According to the Japanese teachings of the system of Reiki, one of the symbols/mantras is connected to the Japanese Deity Kannon. If we choose to work from this perspective of the Reiki teachings, then we can benefit by understanding and even embodying Kannon’s teachings.
Buddhist monk Yusai Sakai, known for twice achieving “sennichi kaihogyo”, the 7 year practice of he Marathon monks, died of heart failure Monday, his family said. He was 87.
This last week senior Reiki Teacher at the International House of Reiki, Frans Stiene, travelled from Australia to the Shômudo Shugen hermitage in the French Alps to receive teachings from the Reverend Yamabushi Priest Kûban.
Some people say that Usui Mikao, the founder of the system of Reiki was a Tendai lay monk while others say that he was practicing Pure Land, as he is buried in a Pure Land Temple in Tokyo.
Let’s take a closer look at this and see what we can find.
Shingon Buddhist and Mikkyo practices teach that the ancient wisdom of the Mind, Speech and Body (also known as The Three Secrets) are present everywhere and in all things. It is said that these secrets allow us to uncover our true nature—one that exists both within ourselves and the entire universe. Practitioners use mudras, mantras and visualizations to purify and harmonize The Three Secrets.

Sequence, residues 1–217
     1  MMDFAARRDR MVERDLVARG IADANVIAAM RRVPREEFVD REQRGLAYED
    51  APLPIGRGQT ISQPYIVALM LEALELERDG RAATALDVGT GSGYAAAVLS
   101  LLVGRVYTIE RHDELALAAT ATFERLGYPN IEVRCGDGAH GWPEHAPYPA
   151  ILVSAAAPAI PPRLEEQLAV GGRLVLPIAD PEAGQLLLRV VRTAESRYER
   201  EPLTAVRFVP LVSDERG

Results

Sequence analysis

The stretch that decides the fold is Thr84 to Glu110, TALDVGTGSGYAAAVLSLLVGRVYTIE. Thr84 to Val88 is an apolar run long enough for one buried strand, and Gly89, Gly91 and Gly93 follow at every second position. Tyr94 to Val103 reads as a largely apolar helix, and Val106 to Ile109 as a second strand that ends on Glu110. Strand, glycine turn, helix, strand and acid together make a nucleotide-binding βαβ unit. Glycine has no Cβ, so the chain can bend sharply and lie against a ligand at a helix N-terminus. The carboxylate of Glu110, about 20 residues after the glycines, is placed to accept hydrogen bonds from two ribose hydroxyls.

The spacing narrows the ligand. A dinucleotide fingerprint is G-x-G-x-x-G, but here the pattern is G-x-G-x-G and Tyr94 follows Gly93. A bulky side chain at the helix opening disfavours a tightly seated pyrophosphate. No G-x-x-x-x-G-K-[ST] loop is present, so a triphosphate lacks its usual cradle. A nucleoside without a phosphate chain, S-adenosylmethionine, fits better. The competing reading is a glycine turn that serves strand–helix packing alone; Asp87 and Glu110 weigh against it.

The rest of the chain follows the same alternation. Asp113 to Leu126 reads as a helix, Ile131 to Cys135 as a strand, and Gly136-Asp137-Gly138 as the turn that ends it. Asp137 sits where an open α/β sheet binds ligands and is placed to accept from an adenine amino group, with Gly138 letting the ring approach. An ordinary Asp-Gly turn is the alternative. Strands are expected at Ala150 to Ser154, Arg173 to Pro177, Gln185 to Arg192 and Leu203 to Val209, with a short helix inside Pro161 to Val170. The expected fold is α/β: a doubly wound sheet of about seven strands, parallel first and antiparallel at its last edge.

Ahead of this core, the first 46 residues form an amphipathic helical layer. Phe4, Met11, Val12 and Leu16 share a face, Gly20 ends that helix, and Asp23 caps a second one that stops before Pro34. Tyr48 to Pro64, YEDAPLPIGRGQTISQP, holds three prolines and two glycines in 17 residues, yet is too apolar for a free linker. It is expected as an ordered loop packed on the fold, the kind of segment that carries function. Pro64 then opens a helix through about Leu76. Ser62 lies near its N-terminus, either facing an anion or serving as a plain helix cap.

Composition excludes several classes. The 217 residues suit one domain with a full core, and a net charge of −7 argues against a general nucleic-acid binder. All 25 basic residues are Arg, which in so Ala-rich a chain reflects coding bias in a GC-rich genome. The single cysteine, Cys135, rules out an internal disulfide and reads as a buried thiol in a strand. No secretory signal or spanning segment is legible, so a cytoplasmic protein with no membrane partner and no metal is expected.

In the course of one of the lessons during my recent personal training trip to Japan, the Ajari, (eminent monk of Tendai or Shingon Buddhism) showed me a specific Buddhist verse called “shichibutsu tsukaige” (The verse of admonishment of the seven Buddhas, also referred to as the Precepts of the seven Buddhas).
USUI Mikao臼井甕男 (1865–1926) is celebrated as the founder of Reiki. While the story of his reception of reiki 霊気 (literally, “numinous energy”) is well-known, practitioners may be less aware of its resonance with Japan’s long history of mountain asceticism. Over a thousand years ago, religious itinerants began secluding themselves in the mountains in order to acquire special powers.
As some of you know I just spent a week in Japan deepening my own personal spiritual practice with a Japanese Shingon priest, Takeda Hakusai Ajari, who was once a Tendai monk as a disciple of the great Sakai Dai Ajari, learning about Shinto, Shugendo, Tendai and Shingon.